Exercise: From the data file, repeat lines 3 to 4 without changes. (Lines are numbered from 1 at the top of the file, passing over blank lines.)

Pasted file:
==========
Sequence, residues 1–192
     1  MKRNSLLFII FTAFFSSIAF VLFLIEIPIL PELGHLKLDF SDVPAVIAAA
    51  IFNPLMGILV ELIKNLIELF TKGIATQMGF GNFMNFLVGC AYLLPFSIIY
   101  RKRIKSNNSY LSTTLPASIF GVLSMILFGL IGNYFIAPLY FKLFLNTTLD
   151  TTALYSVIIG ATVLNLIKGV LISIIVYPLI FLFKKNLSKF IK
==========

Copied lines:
    51  IFNPLMGILV ELIKNLIELF TKGIATQMGF GNFMNFLVGC AYLLPFSIIY
   101  RKRIKSNNSY LSTTLPASIF GVLSMILFGL IGNYFIAPLY FKLFLNTTLD